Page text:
The International Cycling Union (UCI) has tweaked the 2012 WorldTour calendar to avoid a clash with the road events at the London Olympic Games.

    Next season, the Tour de France will be held between June 30-July 22 - a week earlier than usual. The men’s Olympic road race is on Saturday July 28, with the men’s time trial on the following Wednesday, August 1.

    To avoid overlapping with the Olympics, the Tour of Poland has been moved forward to July 10-16, and so will be held during the Tour de France. The Eneco Tour will be held between August 6-12, with the Clasica Ciclista San Sebastian on Tuesday August 14. The Vuelta a Espana begins just a few days later on August 18.

    The 2012 WorldTour begins with the Tour Down Under in Australia between January 17-22. It ends with the Giro di Lombardia in Italy on October 20.

    The 2012 WorldTour calendar:

    1/17/2012 - 1/22/2012 Tour Down Under    
    3/4/2012 - 3/11/2012 Paris - Nice    
    3/7/2012 - 3/13/2012 Tirreno-Adriatico    
    3/17/2012 Milano-Sanremo    
    3/19/2012 - 3/25/2012 Volta Ciclista a Catalunya    
    3/23/2012 E3 Prijs Vlaanderen - Harelbeke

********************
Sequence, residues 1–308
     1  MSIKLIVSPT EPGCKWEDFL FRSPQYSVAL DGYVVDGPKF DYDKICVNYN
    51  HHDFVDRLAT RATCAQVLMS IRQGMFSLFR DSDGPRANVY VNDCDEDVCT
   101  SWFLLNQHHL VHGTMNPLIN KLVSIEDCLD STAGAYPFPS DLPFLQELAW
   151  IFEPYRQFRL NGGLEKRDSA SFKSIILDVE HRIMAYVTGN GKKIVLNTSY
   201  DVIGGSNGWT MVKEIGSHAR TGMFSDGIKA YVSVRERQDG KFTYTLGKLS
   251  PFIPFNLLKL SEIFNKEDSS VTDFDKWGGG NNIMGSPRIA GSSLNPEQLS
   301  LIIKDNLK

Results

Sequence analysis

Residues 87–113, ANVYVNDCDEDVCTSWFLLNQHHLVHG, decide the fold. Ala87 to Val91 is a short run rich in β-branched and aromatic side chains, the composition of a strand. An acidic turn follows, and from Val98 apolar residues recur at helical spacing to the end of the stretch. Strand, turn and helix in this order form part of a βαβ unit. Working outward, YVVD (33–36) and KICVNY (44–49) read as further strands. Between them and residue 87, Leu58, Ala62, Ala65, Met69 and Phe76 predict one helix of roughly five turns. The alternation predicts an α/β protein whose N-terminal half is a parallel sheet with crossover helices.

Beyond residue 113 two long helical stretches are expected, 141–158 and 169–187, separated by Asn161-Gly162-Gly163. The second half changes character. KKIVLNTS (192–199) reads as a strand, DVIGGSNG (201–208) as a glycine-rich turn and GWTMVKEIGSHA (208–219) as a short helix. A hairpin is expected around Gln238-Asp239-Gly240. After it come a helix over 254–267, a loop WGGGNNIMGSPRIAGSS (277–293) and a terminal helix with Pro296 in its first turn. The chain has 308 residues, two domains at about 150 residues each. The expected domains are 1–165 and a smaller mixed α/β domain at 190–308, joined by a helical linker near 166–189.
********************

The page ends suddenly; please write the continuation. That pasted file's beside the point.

3/25/2012 Gent - Wevelgem    
    4/1/2012 Ronde van Vlaanderen / Tour des Flandres    
    4/2/2012 - 4/7/2012 Vuelta Ciclista al Pais Vasco    
    4/8/2012 Paris - Roubaix    
    4/15/2012 Amstel Gold Race    
    4/18/2012 La Flèche Wallonne    
    4/22/2012 Liège - Bastogne - Liège    
    4/24/2012 - 4/29/2012 Tour de Romandie    
    5/5/2012 - 5/27/2012 Giro d'Italia    
    6/3/2012 - 6/10/2012 Critérium du Dauphiné    
    6/9/2012 - 6/17/2012 Tour de Suisse    
    6/30/2012 - 7/22/2012 Tour de France    
    7/10/2012 - 7/16/2012 Tour de Pologne    
    8/6/2012 - 8/12/2012 Eneco Tour    
    8/14/2012 Clasica Ciclista San Sebastian    
    8/18/2012 - 9/9/2012 Vuelta a España    
    8/19/2012 Vattenfall Cyclassics    
    8/26/2012 GP Ouest France - Plouay    
    9/7/2012 Grand Prix Cycliste de Québec    
    9/9/2012 Grand Prix Cycliste de Montréal    
    10/10/2012 - 10/14/2012 Tour of Beijing    
    10/20/2012 Il Lombardia